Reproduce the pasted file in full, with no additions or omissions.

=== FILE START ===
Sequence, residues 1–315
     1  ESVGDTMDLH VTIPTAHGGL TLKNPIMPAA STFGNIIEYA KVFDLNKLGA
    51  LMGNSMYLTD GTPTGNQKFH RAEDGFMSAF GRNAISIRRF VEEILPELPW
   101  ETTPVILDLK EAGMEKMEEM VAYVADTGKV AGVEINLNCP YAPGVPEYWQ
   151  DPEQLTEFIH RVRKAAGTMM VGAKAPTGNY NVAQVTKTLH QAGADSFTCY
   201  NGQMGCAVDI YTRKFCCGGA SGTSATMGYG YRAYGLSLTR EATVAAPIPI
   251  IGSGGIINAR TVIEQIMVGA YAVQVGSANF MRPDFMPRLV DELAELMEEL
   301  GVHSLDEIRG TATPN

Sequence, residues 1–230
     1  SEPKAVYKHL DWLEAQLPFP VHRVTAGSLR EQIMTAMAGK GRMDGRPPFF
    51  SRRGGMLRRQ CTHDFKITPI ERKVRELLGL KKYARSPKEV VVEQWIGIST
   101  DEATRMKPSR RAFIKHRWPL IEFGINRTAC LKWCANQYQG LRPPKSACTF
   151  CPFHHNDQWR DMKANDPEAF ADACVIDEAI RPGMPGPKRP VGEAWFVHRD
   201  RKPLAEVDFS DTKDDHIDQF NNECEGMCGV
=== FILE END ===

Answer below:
Sequence, residues 1–315
     1  ESVGDTMDLH VTIPTAHGGL TLKNPIMPAA STFGNIIEYA KVFDLNKLGA
    51  LMGNSMYLTD GTPTGNQKFH RAEDGFMSAF GRNAISIRRF VEEILPELPW
   101  ETTPVILDLK EAGMEKMEEM VAYVADTGKV AGVEINLNCP YAPGVPEYWQ
   151  DPEQLTEFIH RVRKAAGTMM VGAKAPTGNY NVAQVTKTLH QAGADSFTCY
   201  NGQMGCAVDI YTRKFCCGGA SGTSATMGYG YRAYGLSLTR EATVAAPIPI
   251  IGSGGIINAR TVIEQIMVGA YAVQVGSANF MRPDFMPRLV DELAELMEEL
   301  GVHSLDEIRG TATPN

Sequence, residues 1–230
     1  SEPKAVYKHL DWLEAQLPFP VHRVTAGSLR EQIMTAMAGK GRMDGRPPFF
    51  SRRGGMLRRQ CTHDFKITPI ERKVRELLGL KKYARSPKEV VVEQWIGIST
   101  DEATRMKPSR RAFIKHRWPL IEFGINRTAC LKWCANQYQG LRPPKSACTF
   151  CPFHHNDQWR DMKANDPEAF ADACVIDEAI RPGMPGPKRP VGEAWFVHRD
   201  RKPLAEVDFS DTKDDHIDQF NNECEGMCGV